1945: The U.S. Army Air Force firebombed Tokyo. The resulting firestorm killed more than 100,000 people, mostly civilians.

1969: In Memphis, Tenn., James Earl Ray pleaded guilty to assassinating Martin Luther King Jr. (He later unsuccessfully attempted to retract his plea.)

1977: Astronomers discovered rings around Uranus.

March 11


1888: The infamous “Blizzard of ’88” struck the northeastern United States, causing about 400 deaths.

1903: U.S. orchestra leader Lawrence Welk was born in Strasburg, N.D. (Died May 17, 1992.)

1936: U.S. Supreme Court Justice Antonin Scalia was born in Trenton, N.J. (died Feb. 13, 2016.)

1942: With Japanese forces advancing across the Pacific, Gen. Douglas MacArthur left the Philippines for Australia, vowing, “I shall return.” (He did so nearly three years later.)

1950: Born this day: singer Bobbie McFerrin and movie director Jerry Zucker.

2011: Japan was struck by a 9.0 undersea earthquake. The ensuing tsunami obliterated several cities in northeast Japan and killed over 10,000 people. The tsunami also inflicted $40 million damage on Crescent City, Calif., and swept away one man.


March 12


1894: Coca-Cola was bottled and sold for the first time, in Vicksburg, Miss., by local soda fountain operator Joseph Biedenharn.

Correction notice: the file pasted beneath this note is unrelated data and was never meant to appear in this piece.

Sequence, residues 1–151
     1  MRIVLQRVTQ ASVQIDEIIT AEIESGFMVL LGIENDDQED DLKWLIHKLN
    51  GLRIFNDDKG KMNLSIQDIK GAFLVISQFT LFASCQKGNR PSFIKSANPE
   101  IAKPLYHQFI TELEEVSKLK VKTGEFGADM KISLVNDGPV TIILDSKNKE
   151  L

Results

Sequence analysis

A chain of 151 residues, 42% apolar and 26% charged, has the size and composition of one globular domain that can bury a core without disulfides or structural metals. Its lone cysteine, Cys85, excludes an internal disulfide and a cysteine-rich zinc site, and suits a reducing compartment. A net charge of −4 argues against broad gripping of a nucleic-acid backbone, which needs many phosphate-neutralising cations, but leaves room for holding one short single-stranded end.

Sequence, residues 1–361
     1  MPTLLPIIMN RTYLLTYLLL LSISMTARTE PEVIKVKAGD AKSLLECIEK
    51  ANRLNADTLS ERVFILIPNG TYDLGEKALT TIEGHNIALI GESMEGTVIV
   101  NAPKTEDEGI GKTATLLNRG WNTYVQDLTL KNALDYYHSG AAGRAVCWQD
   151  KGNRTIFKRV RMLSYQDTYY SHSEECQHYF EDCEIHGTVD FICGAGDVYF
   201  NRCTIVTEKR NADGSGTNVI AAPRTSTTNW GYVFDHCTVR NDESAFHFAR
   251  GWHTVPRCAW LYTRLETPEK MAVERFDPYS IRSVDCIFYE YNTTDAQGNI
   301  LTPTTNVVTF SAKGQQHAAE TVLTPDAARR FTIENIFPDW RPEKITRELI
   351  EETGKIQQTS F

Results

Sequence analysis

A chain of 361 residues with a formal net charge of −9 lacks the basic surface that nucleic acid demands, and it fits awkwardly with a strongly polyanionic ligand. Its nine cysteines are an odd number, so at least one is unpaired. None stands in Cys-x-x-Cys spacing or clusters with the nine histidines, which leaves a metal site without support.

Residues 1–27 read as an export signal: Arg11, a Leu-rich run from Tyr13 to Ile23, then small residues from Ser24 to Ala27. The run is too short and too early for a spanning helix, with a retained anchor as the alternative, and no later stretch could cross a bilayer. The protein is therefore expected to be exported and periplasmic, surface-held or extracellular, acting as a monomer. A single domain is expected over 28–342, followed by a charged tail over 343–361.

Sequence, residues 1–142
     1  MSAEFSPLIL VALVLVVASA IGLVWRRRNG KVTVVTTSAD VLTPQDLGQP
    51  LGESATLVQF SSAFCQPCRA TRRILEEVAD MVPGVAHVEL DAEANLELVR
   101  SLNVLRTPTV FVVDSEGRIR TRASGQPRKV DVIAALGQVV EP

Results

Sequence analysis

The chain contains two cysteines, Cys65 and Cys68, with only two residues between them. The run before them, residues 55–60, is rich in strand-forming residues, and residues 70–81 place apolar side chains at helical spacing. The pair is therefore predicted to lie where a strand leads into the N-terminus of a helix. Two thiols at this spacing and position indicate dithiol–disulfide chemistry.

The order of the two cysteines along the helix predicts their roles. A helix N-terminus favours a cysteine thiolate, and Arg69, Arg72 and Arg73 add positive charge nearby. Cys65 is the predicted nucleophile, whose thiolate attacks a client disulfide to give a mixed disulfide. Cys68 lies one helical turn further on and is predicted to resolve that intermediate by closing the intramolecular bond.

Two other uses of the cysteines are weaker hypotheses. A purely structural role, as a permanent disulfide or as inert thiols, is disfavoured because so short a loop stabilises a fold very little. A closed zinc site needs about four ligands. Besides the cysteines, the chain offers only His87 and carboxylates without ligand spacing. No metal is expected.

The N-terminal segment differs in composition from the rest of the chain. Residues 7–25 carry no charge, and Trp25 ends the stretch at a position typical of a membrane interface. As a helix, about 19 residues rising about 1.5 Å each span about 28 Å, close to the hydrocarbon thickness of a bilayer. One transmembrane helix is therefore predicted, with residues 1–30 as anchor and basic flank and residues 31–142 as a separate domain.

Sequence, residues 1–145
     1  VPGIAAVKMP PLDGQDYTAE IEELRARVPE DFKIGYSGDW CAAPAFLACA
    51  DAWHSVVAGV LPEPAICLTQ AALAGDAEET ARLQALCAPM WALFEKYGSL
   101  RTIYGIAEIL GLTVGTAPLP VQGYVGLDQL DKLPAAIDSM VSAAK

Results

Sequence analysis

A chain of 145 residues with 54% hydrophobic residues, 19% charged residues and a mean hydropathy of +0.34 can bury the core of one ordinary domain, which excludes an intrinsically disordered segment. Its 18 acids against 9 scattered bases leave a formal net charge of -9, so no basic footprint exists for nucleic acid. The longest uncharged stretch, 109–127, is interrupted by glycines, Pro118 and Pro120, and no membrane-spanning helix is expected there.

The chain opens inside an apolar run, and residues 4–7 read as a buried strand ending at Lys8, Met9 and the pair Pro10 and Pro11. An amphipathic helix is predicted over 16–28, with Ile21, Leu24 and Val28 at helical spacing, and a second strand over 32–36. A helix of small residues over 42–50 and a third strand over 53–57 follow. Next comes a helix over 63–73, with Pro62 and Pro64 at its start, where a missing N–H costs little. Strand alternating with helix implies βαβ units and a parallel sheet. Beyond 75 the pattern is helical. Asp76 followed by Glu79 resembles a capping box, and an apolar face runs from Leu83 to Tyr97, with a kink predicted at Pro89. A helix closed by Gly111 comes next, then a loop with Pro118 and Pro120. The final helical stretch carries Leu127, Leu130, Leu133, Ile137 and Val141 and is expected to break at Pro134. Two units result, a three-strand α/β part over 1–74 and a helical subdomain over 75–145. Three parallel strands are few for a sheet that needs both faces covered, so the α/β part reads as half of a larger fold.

1912: Juliette Gordon Low founded the Girl Guides (later the Girl Scouts of America) in Savannah, Ga.

1928: The St. Francis Dam, about 40 miles northwest of Los Angeles, Calif., failed catastrophically; the resulting floods killed over 600 people.

1957: Born this day: actor Jerry Levine, and singer Marlon Jackson (the Jackson Five).

1971: Actor David Burns, 70, died of a heart attack onstage during a performance of 70 Girls 70 in Philadelphia.

1993: Janet Reno was sworn in as the nation’s first female attorney general, under President Bill Clinton.

2009: Financier Bernard Madoff pleaded guilty in New York to scamming $18 billion, the largest in Wall Street history.

2011: A reactor at the Fukushima Daiichi Nuclear Power Plant in Japan melted and exploded, releasing radioactivity into the atmosphere a day after an earthquake.


March 13


1781: William Herschel discovered Uranus.

1925: Tennessee outlawed the teaching of evolution.

1930: News of the discovery of Pluto was telegraphed to the Harvard College Observatory.

1964: New York City resident Kitty Genovese was murdered, reportedly in view of neighbors who did nothing to help her, prompting research into the so-called bystander effect.

1971: Arlester “Dyke” Christian, leader of the influential black funk band Dyke & the Blazers, was shot to death in Phoenix, Ariz., at age 27, joining the 27 Club.

1993: Birmingham, Ala., received 13 inches of snow.

1996: In Dunblane, Scotland, gunman Thomas Watt Hamilton entered a school and murdered 16 students, all 5 years old, and their teacher before turning the gun on himself.

2013: Jorge Mario Bergoglio (born Dec. 17 1936) became Pope Francis after he was elected in the papal conclave to succeed Pope Benedict XVI, who resigned. He became the first pope from the Western Hemisphere, the first Hispanic pope (Argentina), and the first pope to use the name Francis, after St. Francis of Assisi